While the extras are plentiful, the real attraction here is, of course, the film itself, which is displayed in all its wild, colorful glory through the beauty of high definition. As expected, it looks fantastic, and it sounds even better. It’s safe to say that even if you already snagged The Jungle Book the last time Disney released it from “the vault,” it is well worth upgrading your DVD now.

The Jungle Book marks the definitive end of an era for Disney animation. Though the so-called “English Cycle” would continue into the 1970s with the release of Robin Hood (which borrows the character design of Baloo for its portrayal of Little John, as well as Kaa’s design for Sir Hiss) in 1973, it would do so without the involvement of the studio’s namesake and father figure. The Jungle Book was the final film that would be produced by Walt himself; he passed away from lung cancer in December 1966, almost a year before Mowgli’s adventures were released in theaters to ultimately popular acclaim.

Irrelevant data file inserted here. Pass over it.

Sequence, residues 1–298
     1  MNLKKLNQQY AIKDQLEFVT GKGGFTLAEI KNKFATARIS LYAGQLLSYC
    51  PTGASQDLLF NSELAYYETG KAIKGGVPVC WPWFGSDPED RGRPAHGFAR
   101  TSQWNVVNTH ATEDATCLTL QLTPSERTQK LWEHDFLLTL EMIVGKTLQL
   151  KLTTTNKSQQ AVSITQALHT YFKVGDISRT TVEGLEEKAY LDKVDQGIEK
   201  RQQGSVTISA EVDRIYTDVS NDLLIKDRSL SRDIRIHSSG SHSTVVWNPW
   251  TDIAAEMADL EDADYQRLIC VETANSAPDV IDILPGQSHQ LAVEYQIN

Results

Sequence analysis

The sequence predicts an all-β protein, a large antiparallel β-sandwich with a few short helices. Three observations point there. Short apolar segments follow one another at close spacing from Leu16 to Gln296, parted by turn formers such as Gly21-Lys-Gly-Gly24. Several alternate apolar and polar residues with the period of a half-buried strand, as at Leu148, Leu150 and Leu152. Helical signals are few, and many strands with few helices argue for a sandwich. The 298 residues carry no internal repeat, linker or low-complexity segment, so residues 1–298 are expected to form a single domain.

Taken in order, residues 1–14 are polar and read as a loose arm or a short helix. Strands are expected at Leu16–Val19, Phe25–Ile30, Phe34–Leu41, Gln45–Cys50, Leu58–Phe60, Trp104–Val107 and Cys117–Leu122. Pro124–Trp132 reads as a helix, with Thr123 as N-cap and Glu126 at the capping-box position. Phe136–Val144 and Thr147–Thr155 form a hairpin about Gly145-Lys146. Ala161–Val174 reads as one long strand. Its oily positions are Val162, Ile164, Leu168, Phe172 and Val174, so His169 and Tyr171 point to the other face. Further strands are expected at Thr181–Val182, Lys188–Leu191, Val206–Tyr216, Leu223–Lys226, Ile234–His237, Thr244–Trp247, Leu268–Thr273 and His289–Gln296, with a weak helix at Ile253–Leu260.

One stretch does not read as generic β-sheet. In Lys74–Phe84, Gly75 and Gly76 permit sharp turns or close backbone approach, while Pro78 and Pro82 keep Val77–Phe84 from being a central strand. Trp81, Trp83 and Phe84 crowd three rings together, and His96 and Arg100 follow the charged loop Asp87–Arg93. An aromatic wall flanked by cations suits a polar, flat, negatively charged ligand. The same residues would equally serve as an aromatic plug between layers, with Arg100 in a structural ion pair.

About Brandie Ashe 65 Articles

Brandie Ashe is a freelance writer and editor from Alabama. She is the co-founder of and head writer for the film blog True Classics, a site dedicated to the Golden Age of Hollywood film and animation. Brandie will never outgrow her love for cartoons, both old and new. Her passion for Cary Grant is absolute and damn near legendary. If she were a character in the Harry Potter series, Brandie’s patronus would be Robert Osborne.